El monopolio de la violencia

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  • Publicado : 15 de mayo de 2011
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Abstract
Many states in Latin America, Africa and Asia lack the monopoly of violence, identified by Max Weber as the foundation of the state, and thus the capacity to govern effectively. In this paper we develop a new perspective on the establishment of the monopoly of violence and the formation of the state. We build a model to explain the incentive of central states to eliminate non-statearmed actors (paramilitaries) in a democracy. The model is premised on the idea that paramilitaries may choose to and can influence elections. Since paramilitaries have preferences over policies, this reduces the incentives of the politicians they favor to eliminate them. The model also shows that while in non-paramilitary areas policies are targeted at citizens, in paramilitary controlled areas theyare targeted at paramilitaries.
We then investigate the predictions of our model using data from Colombia between 1991 and 2006.
We first present regression and case study evidence supporting our postulate that paramilitary groups can have significant effects on elections for the legislature and the executive. Next, we show that the evidence is also consistent with the implication of the modelthat paramilitaries tend to persist to the extent that they deliver votes to candidates for the executive whose preferences are close to theirs and that this effect is larger in areas where the Presidential candidate would have otherwise not done as well. These results illustrate that, consistent with our model, there appears to be a symbiotic relationship between some executives andparamilitaries. Finally, we use roll-call votes to illustrate a possible ‘quid pro quo’ between the executive and paramilitaries in Colombia.

Work in Progress. Comments Welcome.

_We would particularly like to thank Jack Snyder for his suggestions about how to interpret the evidence of
the impact of paramilitaries on elections and Sebastián Mazzuca for his comments on an early draft. We also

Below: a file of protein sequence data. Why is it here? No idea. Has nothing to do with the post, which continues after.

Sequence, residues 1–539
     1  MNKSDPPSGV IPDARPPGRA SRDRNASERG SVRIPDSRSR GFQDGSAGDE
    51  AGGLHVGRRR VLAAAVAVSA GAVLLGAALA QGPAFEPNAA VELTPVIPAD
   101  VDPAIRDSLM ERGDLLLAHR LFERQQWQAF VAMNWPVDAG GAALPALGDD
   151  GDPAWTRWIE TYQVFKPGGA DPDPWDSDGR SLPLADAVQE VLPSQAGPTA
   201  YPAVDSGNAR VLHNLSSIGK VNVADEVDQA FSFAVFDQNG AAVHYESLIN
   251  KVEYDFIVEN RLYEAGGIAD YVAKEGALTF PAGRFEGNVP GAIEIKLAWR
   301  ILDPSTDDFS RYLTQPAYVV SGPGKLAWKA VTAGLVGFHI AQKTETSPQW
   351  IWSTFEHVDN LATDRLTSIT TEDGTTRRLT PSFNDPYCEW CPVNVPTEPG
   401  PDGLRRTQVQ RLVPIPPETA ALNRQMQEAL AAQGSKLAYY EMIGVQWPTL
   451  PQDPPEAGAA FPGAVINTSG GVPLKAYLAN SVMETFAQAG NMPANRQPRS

greatlybenefitted from the suggestions of seminar particiants at The David Rockefellar Center for Latin American Studies at Harvard University, CIFAR, Columbia, Princeton, the Universidad de Los Andes in Bogotá, the Pontificia Universidad Católica de Chile, and Yale, particularly George Akerlof, Lee Alston, Ana Arjona, Isaías Chaves, Jorge Dominguez, Gustavo Duncan, June Erlick, Francisco Gallego, FranciscoGutiérrez Sanín, Macartan Humphries, Stathis Kalyvas, José Antonio Ocampo, Rafael Pardo, Diana Rodriguez, Fabio Sánchez, Abbey Steel and Hernán Vallejo. We are also grateful to Miriam Golden for her advice on the Italian literature. Finally we thank María Angélica Bautista, Lorena Correa, Leopoldo Fergusson and Pablo Querubín for their superb assistance with this research.
MassachussettsInstitute of Technology, Department of Economics, E52-380, 50 Memorial Drive, Cambriudge
MA02142, USA. e-mail: daron@mit.edu.
Harvard University, Department of Government and IQSS, 1737 Cambridge Street N309, Cambridge MA01238,
USA; e-mail: jrobinson@gov.harvard.edu.
Yale University, Department of Economics, 28 Hillhouse Avenue, New Haven CT 06511, USA; email:
rafael.santosvillagran@yale.edu
Work inProgress.
Comments Welcome.
_
We would particularly like to thank Jack Snyder for his suggestions about how to interpret the evidence of
the impact of paramilitaries on elections and Sebastián Mazzuca for his comments on an early draft.
We also
greatly benefitted from the suggestions of seminar particiants at The David Rockefellar Center for Latin American Studies at Harvard University,CIFAR, Columbia, Princeton, the Universidad de Los Andes in Bogotá, the Pontificia Universidad Católica de Chile, and Yale, particularly George Akerlof
, Lee Alston, Ana Arjona, Isaías Chaves, Jorge Dominguez, Gustavo Duncan, June Erlick, Francisco Gallego, Francisco Gutiérrez Sanín, Macartan Humphries, Stathis Kalyvas, José Antonio Ocampo, Rafael Pardo, Diana Rodriguez, Fabio Sánchez, Abbey...
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